PracticeAuditPenrose disappoints FDs

Penrose disappoints FDs

The majority of finance directors believe that the Penrose report was wrong when it refused to examine the role played by auditors in the near collapse of Equitable Life.

Almost 60% of respondents surveyed in the latest Accountancy Age/Reed Accountancy Big Question survey thought that the 818-page report, unveiled at the start of this month, should have scrutinised the role of the company?s auditors.

The report strongly criticised the role played by former managers in the Equitable Life case, where some 800,000 people lost money after the company made financial promises to policyholders, which it ultimately could not honour. Lord Penrose found a ‘culture of manipulation and concealment’ among some of the former senior managers. Big Question respondents, however, wanted to know what the auditors were doing.

‘From what I have read of the case, the crisis was brought about by the company offering guaranteed annuity rates, and when the market moved against them, they could not honour those guarantees as the market annuity rates were much lower,’ said John Buckley of Sauter Automation. ‘Is this not a risk which should have been identified by auditors?’

This was a view that was backed by many respondents, with a quarter believing the report definitely should have focused more on the role of the auditors, and 34% answering ?’yes, probably’.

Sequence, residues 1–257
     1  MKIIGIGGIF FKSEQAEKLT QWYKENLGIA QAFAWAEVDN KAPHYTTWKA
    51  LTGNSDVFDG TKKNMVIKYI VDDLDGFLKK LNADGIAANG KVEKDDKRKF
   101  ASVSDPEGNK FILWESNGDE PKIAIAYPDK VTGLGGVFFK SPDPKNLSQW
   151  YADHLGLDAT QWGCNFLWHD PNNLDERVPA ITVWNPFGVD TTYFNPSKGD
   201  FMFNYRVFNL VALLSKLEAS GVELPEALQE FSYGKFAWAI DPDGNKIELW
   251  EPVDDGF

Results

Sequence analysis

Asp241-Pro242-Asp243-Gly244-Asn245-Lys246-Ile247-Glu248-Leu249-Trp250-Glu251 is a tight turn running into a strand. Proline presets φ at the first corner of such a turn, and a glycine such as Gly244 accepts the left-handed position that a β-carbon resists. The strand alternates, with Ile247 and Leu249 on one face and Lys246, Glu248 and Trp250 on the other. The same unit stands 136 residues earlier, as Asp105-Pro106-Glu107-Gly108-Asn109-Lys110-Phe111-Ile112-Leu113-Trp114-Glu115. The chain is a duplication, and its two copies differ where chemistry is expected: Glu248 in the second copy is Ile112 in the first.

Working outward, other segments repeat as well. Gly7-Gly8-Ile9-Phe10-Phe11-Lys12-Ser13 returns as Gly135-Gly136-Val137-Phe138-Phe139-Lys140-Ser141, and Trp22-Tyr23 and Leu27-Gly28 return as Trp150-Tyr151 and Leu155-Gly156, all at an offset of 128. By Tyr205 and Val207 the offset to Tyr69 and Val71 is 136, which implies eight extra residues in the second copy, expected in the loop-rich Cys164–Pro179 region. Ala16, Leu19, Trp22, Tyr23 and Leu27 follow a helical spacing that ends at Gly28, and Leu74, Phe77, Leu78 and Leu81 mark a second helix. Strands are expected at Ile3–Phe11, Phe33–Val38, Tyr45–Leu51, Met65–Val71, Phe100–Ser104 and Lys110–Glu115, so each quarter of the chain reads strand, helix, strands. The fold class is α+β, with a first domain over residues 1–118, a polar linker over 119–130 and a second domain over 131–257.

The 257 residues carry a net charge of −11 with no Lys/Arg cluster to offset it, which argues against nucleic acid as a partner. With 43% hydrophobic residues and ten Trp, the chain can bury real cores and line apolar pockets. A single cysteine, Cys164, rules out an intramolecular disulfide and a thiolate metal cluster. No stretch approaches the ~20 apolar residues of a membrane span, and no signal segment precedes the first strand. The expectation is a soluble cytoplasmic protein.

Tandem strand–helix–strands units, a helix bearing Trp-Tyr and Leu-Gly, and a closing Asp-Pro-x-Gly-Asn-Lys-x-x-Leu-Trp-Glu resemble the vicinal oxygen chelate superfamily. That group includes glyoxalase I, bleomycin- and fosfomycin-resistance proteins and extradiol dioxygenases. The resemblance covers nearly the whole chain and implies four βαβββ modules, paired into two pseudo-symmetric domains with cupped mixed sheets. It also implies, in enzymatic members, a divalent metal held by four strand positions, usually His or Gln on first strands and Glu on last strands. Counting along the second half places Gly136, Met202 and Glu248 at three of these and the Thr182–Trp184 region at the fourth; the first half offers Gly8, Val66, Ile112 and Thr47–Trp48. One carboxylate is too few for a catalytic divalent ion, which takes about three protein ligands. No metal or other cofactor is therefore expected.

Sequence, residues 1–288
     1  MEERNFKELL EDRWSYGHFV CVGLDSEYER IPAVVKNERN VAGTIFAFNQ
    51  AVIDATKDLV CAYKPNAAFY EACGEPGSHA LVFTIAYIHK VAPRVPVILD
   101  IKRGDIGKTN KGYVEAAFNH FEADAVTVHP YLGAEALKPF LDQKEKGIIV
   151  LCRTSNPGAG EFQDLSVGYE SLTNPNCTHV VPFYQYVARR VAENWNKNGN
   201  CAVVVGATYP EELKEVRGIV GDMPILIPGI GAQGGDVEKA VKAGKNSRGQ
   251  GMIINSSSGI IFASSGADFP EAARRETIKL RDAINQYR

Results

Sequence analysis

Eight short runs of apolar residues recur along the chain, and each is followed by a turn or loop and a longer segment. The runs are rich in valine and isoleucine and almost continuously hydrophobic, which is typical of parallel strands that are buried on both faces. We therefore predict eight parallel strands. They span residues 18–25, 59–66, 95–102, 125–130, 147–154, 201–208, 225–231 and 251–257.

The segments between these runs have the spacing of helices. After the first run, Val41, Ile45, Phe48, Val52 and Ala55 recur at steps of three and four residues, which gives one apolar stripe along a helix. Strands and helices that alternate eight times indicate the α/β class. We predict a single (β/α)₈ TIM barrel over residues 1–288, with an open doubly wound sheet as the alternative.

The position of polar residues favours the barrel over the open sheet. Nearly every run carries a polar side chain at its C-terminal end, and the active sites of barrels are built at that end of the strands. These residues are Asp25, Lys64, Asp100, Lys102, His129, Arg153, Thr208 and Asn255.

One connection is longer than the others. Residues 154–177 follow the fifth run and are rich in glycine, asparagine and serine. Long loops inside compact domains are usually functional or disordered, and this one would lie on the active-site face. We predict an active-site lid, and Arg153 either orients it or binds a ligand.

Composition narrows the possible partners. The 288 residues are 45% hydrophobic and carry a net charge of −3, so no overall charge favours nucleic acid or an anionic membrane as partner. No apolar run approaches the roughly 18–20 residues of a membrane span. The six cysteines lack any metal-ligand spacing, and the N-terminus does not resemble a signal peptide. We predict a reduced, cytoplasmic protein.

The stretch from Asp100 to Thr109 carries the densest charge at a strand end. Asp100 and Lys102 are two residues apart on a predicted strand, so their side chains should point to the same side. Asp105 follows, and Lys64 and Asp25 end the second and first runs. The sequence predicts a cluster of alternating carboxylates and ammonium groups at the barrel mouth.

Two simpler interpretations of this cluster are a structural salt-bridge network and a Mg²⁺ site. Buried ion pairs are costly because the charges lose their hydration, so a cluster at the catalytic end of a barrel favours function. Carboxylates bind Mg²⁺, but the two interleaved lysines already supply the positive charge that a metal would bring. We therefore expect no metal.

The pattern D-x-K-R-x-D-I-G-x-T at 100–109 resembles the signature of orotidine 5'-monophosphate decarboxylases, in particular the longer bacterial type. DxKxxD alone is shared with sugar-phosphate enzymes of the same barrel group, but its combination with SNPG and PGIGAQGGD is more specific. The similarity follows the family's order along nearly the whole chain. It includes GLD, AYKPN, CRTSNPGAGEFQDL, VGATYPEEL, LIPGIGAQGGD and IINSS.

‘There should be independent auditors appointed by the Financial Services Authority, funded by the financial services industry, to ensure that a completely impartial view is taken,’ said one anonymous respondent.

Glen Le Moigne at Denplan called for an ‘independent inquiry into the role of auditors so that their failings can be ascertained’.

But the survey also found FDs who said people should not be so quick to blame the auditors and their role ð or lack of it ð in failing to uncover the demise of Equitable Life earlier.

Altogether, 18% said no to the question ð 10% answered ‘no, probably not’ and 8% ‘definitely not’.

‘It is wrongly attractive to find scapegoats,’ said Bryan Armour of the Parchment Housing Group.

John Davies at Moore & Blatch was even more adamant. ‘Guarantee equals a formal promise or assurance that an obligation will be fulfilled. What’s so difficult for the Equitable managers to understand?’

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